IBM Enterprise Content Management (ECM - CMS) - Redesign

While at IBM Design Lab during the summer of 2013, I was tasked with completely reimagining the company’s Enterprise Content Management (ECM) system.

Why was this assigned? Employees at IBM have to use this internal content management system constantly for uploading and retrieving assets. At the time of my internship, ECM was a very powerful, yet complicated platform that for many users, left a lot to be desired.

As a result, I was given free reign to research, validate and design a completely new experience. This is the kind of task and overall problem solving that I love. 

First Step - Meet With The Users


As part of my research into the existing ECM platform, I met with a series of IBM employees whose jobs were centered on using ECM. From these meetings, I chronicled and prioritized the existing pain points:

What I heard was that ECM was:

  • Extraordinarily complicated, multi-layered interface without clear, intuitive calls to action. 
  • It was significantly difficult to search for content. Users had to supply long “syndication key codes” that corresponded with the content they search for. 
  • Search also had way too many filters based on necessities of core user need. 
  • Content creation was arduous and confusing with no clear hierarchy of priorities or common use cases. 
  • Limited to desktop use (mobile/tablet versions didn’t exist). Many employees need to interact with ECM away from their desk, so this created a delay in user's ability to quickly and easily use the platform away from the office. 

The front end of the experience felt very back end centric. It felt as if a user is building content from within a database as opposed to a client or user-facing, friendly environment.


Next Step - Build a Persona of The Everyday User

These pain points helped me to create a specific point of departure for the next generation ECM platform. Additionally, from this consolidated user research, I was able to create a persona of a typical user and their goals and needs.



Next Step - Research The Old ECM

After hearing the concerns and priorities of users and creating a persona to attribute to the ideal experience, it now was time to take in the current ECM. I began by looking into how content is created and distributed. My notes from this process are showcased below.


Next Step - Build a Sitemap for Next ECM-CMS

One of the first things I did after meeting with current users and taking an audit of the existing ECM CMS was to create a sitemap. This was essentially the bare minimum, most vital tasks that the ECM platform is intended to achieve. Through this, I detailed all of the most essential needs that a new content management system would entail.


Next Step - Start Sketching and Begin to Iterate on Design

Very rough, early sketches shown below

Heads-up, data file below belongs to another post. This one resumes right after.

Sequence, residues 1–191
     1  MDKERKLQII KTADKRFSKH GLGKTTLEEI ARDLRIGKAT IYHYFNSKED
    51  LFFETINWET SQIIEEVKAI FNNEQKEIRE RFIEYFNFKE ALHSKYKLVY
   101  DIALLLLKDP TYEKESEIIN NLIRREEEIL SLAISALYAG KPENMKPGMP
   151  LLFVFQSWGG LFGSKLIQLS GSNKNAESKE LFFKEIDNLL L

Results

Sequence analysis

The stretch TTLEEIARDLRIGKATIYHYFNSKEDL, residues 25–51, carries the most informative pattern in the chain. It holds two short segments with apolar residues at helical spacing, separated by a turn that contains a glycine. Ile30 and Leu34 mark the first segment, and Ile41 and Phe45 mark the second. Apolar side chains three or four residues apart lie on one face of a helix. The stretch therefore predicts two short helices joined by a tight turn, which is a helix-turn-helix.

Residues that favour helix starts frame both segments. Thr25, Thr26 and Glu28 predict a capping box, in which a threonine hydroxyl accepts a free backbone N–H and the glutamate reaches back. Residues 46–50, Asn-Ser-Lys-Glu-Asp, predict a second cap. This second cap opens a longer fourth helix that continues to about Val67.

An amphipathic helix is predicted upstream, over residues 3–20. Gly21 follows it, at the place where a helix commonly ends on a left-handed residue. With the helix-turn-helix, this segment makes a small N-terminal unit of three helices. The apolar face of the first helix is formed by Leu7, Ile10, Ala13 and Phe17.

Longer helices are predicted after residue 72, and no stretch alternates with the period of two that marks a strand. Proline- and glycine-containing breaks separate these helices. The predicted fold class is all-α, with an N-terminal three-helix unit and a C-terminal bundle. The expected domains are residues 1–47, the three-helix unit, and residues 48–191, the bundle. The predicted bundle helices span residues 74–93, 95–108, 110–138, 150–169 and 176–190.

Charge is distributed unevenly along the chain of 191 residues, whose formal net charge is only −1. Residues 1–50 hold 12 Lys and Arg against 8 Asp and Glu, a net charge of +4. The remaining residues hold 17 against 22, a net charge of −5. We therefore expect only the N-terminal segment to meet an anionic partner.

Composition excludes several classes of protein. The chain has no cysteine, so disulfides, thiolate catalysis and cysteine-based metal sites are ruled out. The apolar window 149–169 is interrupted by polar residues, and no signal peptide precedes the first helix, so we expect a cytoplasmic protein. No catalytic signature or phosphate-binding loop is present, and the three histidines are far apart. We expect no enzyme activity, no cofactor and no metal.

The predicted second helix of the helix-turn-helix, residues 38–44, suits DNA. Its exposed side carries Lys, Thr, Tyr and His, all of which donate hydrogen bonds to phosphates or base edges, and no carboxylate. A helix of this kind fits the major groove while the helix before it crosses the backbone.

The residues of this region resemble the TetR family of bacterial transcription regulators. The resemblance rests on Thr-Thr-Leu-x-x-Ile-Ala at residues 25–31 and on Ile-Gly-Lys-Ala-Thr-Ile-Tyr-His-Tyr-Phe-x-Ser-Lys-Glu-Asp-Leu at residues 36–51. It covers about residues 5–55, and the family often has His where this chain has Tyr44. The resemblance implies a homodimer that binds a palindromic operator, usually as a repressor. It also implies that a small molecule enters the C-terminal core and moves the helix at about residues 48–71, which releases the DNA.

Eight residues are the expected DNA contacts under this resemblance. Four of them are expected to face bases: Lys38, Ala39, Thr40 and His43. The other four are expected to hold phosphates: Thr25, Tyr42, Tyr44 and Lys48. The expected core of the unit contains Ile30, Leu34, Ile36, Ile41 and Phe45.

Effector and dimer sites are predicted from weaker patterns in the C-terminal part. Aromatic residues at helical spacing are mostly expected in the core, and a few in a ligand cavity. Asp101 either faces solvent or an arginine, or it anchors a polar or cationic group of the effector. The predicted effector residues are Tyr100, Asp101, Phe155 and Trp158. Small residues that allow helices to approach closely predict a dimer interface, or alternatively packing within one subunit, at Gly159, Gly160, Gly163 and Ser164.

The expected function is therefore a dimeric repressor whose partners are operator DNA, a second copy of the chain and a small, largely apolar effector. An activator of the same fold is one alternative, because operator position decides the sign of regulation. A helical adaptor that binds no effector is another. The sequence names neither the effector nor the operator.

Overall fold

Redesign Contribute Section

After rounds of testing and validation from average users within the design lab, the following output was achieved. We simplified the experience dramatically and updated the experience to accommodate what people use the platform for the most on a daily basis. Our goal all along was to remove as many of the big pain points as possible while maintaining the power and sophistication that ECM provides. 

The screens below showcase how a user adds category specific content into IBM's ECM Content Management System from a tablet. 

Uploading Content

One of the insights I drew from the user research process was that very little of the content in the existing ECM platform felt visually intuitive. I kept thinking to myself, how can we create a system where we can add content in a physical, visually oriented, almost tactile way? This resulted in the manipulation of assets you see in the drag and drop functionality above.

The Related Content Section

One of the things that was incredibly exciting for users was the ability to retrieve assets in the cloud and inject them into the existing ECM platform. For a purely spec design, we used Google Drive and Dropbox, as these products are ubiquitous in modern application. Of course, IBM has it's own robust cloud capabilities, and we could easily be connecting with such a service here.

I want to emphasize again that we hoped this ECM platform would be so visually tangible, that users would understand the general size, shape and placement of their assets prior to selecting and publishing their content. As a result, much of my design process here began with example pages filled with the types of content ECM can generate. I kept asking what already exists? I then in turn work backwards so the user has a sense of the dimensions of their experience before even populating a single entry.


As you can see from the preview page, it was important that the end goal, what we wanted the output to be, was driving the process of content creation in a powerfully intuitive way.

Contribute - Via Smartphone

The same process and outcome as showcased above but distilled into core functions for a smartphone user. 

IBM Enterprise Content Management (ECM - CMS) - Redesign - Search

For the next component of the redesign, I again began with an audit of the current platform, which special attention paid to the search experience. This page below showcases my notes and analysis regarding the current state of the experience.

Start Sketching and Begin to Iterate on Design

Next Step - Iterate and Build

Search - Via Smartphone